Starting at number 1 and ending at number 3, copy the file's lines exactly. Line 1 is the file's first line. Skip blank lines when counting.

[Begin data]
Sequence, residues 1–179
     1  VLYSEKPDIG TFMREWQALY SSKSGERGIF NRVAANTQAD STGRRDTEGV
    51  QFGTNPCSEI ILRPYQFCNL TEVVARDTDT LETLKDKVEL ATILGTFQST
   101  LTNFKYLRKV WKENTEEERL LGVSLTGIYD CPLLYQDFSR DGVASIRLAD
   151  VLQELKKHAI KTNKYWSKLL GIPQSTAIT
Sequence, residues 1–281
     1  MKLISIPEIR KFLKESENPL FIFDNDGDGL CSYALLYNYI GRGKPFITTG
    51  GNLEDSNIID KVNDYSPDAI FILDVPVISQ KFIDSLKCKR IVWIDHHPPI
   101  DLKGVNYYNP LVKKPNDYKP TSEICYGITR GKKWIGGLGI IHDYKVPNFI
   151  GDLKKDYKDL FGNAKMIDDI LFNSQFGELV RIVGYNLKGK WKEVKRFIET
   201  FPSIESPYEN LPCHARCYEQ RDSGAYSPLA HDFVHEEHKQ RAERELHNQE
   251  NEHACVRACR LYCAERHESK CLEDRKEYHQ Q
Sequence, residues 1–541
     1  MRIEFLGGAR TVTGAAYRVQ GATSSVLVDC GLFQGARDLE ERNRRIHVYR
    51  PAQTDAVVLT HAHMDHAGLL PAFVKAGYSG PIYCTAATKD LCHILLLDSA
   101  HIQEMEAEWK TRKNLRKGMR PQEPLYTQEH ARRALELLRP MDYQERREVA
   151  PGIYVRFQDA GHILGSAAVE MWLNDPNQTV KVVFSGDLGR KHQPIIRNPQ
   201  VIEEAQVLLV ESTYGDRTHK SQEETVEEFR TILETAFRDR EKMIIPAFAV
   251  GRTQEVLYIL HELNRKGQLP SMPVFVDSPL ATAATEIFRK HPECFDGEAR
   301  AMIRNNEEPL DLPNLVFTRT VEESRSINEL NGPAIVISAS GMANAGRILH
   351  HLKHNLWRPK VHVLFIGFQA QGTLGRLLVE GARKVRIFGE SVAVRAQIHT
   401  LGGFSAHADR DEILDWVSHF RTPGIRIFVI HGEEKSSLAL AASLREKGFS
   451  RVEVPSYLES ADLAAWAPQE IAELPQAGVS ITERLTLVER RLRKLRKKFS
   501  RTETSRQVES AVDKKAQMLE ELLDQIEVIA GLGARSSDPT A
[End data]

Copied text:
Sequence, residues 1–179
     1  VLYSEKPDIG TFMREWQALY SSKSGERGIF NRVAANTQAD STGRRDTEGV
    51  QFGTNPCSEI ILRPYQFCNL TEVVARDTDT LETLKDKVEL ATILGTFQST